Objective : Achondroplasia is the most common heritable skeletal dysplasia. Cervicomedullary compression at the foramen magnum is highly associated with severe neurological complications including sudden death. Distinguishing which patients are at a high risk of neurological compromise is difficult. The aim of this study is to clarify the radiological features of the foramen magnum in achondroplasia that requires surgical decompression.
Materials and methods : We conducted a retrospective study at our department with regard to the radiological features of the foramen magnum in achondroplasia, including the sagittal diameters of the cervicomedullary junction, arachnoid space on magnetic resonance imaging (MRI), and the basion-opisthion interval on computed tomography (CT). We also measured the cross-sectional area of the cervicomedullary junction, arachnoid space on MRI, and foramen magnum on CT. Patients’ data were classified into operative and non-operative groups. From January 2012 to December 2015, nine children with achondroplasia were initially evaluated radiologically. The mean age at initial evaluation was 11.6 months, and the mean follow-up period was 33.1 months. Foramen magnum decompression was indicated for children with morphological change of the cervicomedullary junction under compression or intramedullary signal change on MRI.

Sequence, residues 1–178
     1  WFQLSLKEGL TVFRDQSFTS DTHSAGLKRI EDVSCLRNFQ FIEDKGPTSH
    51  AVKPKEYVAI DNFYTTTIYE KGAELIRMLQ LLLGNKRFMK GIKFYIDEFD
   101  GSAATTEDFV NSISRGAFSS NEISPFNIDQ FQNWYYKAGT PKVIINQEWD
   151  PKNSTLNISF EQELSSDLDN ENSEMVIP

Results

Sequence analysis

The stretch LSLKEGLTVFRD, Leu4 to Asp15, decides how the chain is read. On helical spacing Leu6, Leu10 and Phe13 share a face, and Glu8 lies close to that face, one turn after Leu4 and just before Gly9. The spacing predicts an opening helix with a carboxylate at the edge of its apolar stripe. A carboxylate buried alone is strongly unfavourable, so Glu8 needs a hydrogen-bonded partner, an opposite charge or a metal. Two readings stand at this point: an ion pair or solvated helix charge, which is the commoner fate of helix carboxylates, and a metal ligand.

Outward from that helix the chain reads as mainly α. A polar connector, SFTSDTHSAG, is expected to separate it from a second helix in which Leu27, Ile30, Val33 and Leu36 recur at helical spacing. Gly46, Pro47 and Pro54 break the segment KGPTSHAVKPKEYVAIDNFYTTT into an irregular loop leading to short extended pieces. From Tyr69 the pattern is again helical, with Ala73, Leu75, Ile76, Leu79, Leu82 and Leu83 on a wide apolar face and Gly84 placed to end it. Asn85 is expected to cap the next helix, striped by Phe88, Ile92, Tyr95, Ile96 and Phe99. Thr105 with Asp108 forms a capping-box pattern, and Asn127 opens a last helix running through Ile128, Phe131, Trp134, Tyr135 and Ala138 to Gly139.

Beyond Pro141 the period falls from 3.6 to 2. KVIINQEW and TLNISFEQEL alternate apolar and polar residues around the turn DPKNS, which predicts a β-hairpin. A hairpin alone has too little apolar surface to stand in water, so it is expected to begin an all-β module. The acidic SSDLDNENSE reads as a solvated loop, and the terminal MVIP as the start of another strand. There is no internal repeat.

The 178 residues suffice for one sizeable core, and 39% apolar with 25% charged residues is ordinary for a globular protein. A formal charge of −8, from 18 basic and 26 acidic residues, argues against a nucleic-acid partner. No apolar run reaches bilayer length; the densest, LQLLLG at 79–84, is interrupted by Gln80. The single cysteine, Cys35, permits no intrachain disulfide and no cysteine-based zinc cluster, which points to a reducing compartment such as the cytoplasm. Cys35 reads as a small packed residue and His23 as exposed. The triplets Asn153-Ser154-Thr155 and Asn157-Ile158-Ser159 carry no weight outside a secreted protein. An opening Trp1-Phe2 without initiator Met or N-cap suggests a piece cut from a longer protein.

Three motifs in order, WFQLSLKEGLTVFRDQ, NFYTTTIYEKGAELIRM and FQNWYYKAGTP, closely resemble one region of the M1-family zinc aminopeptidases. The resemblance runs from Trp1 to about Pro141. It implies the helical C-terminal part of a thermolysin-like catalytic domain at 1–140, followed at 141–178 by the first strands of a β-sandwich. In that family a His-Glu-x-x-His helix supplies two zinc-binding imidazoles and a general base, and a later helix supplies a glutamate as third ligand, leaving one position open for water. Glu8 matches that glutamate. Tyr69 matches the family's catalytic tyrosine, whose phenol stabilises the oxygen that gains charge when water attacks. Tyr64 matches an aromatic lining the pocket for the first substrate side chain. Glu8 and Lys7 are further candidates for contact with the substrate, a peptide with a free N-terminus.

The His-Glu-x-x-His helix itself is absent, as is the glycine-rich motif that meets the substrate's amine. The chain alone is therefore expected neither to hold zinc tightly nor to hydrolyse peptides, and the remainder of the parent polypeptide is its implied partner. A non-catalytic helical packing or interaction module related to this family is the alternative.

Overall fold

Results : Seven of nine patients underwent foramen magnum decompression. The remaining two were managed conservatively. In the operative group, we found smaller sagittal diameter of the cervicomedullary junction and arachnoid space on MRI, but were not statistically significant (p=0.0556 and 0.0556, respectively). Besides, the operative group showed smaller cross-sectional area of the foramen magnum on CT, which was also insignificant statistically (p=0.0556). The morphological comparison of the foramen magnum on CT showed insufficient expansion of the posterior margin on the operative group. This anatomical feature caused ventral projection and dorsal compression to the cervicomedullary junction.
Conclusions : The smaller size of the foramen magnum in children with achondroplasia can be related to cervicomedullary signal change or compressive deformity on MRI. Further study is necessary to establish the surgical criteria for foramen magnum decompression in children with achondroplasia.